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jca's avatar

Why do people participate in open marriages when it seems like that defeats one of the purposes of being married?

Asked by jca (36043points) November 24th, 2010

I am having trouble understanding why people who are married openly admit to each other they are with other people.

Why be married if you’re going to openly fool around with other people? I am not advocating fooling around secretly, I am not advocating fooling around at all.

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21 Answers

Blackberry's avatar

The rules of marriage are not concrete, or women would still be objects…....It’s hard for some people to understand that you can love a person and still be attracted to another and follow through with that attraction while maintaining trust and love, but it happens.

nikipedia's avatar

Because you can be completely committed to loving, caring for, and being with a specific person forever without swearing off everyone else in the world. Commitment and exclusivity aren’t the same thing.

iamthemob's avatar

Commitment can be as related to raising children, supporting your partner financially, having them support you when needed, caring for each other when sick…etc.

For many, it’s those life commitments that are more important than sexual fidelity.

skfinkel's avatar

@jca As a follow-up to your question, I wonder if anyone has done some checking to see how many of “open marriage” marriages last? Of course, so many marriages end anyway, but maybe there are some statistics on that specifically.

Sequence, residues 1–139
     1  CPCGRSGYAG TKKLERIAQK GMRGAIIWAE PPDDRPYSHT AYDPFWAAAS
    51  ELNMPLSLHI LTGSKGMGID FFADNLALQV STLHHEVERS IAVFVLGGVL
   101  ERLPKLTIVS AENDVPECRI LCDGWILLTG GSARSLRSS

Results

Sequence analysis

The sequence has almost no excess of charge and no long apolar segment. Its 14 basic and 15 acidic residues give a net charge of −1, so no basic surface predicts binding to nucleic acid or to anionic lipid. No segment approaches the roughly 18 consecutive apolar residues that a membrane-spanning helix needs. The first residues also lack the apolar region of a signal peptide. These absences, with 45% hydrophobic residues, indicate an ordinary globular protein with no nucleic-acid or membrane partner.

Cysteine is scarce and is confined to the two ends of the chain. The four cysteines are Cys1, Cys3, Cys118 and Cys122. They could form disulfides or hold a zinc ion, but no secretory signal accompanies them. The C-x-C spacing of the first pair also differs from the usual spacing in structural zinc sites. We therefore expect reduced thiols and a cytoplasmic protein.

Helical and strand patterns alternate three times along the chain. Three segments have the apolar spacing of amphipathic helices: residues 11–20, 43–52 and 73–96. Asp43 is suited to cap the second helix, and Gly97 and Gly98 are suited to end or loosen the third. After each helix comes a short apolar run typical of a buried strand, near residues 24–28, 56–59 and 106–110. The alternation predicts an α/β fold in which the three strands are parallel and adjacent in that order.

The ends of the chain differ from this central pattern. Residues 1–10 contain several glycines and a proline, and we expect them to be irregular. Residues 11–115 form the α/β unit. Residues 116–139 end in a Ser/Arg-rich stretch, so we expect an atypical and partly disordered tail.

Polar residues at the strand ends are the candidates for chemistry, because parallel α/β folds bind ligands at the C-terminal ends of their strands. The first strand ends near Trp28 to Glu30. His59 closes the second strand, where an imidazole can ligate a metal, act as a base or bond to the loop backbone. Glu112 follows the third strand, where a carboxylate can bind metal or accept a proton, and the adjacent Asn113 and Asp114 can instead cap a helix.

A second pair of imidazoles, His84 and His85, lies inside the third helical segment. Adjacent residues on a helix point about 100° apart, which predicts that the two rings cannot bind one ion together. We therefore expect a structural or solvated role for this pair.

Simone_De_Beauvoir's avatar

Seems like it, doesn’t it – perhaps people have different views on what marriage is supposed to be like..My partner and I were always in an open relationship, getting married didn’t change that; nothing will change that we belong together and committed to each other. I never understood keeping a partner of mine from being interested in others and I always wanted to be free to become connected to people, entangled in people – these categories of open, closed, friends, non-friends…they’re too limiting for me and my being strives when I am not bound…as to how long it will last…I think no one knows, just like w/monogamous marriages but I think we’re stronger for being in an open marriage, but that’s just us – nobody that knows our family, how we function and our children would ever doubt that we’re definitely making it work. Perhaps it sounds cheesy and cliche, but we’re so detached from each other as people, we put each other in boxes and tell each other how to relate to others – I hate these boundaries, I have no problem w/conceptualizing being physical with friends or romantically involved w/o sex with another – I have no problem w having sex once with someone w/o wondering what it all means…I live my life in a rich way and I will not listen to anyone other than my own self as to how I need to love, to relate.